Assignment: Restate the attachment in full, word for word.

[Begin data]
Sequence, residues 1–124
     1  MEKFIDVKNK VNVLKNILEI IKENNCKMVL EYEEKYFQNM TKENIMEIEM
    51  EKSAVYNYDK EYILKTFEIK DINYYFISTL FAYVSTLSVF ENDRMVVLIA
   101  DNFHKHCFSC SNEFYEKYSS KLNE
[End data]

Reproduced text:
Sequence, residues 1–124
     1  MEKFIDVKNK VNVLKNILEI IKENNCKMVL EYEEKYFQNM TKENIMEIEM
    51  EKSAVYNYDK EYILKTFEIK DINYYFISTL FAYVSTLSVF ENDRMVVLIA
   101  DNFHKHCFSC SNEFYEKYSS KLNE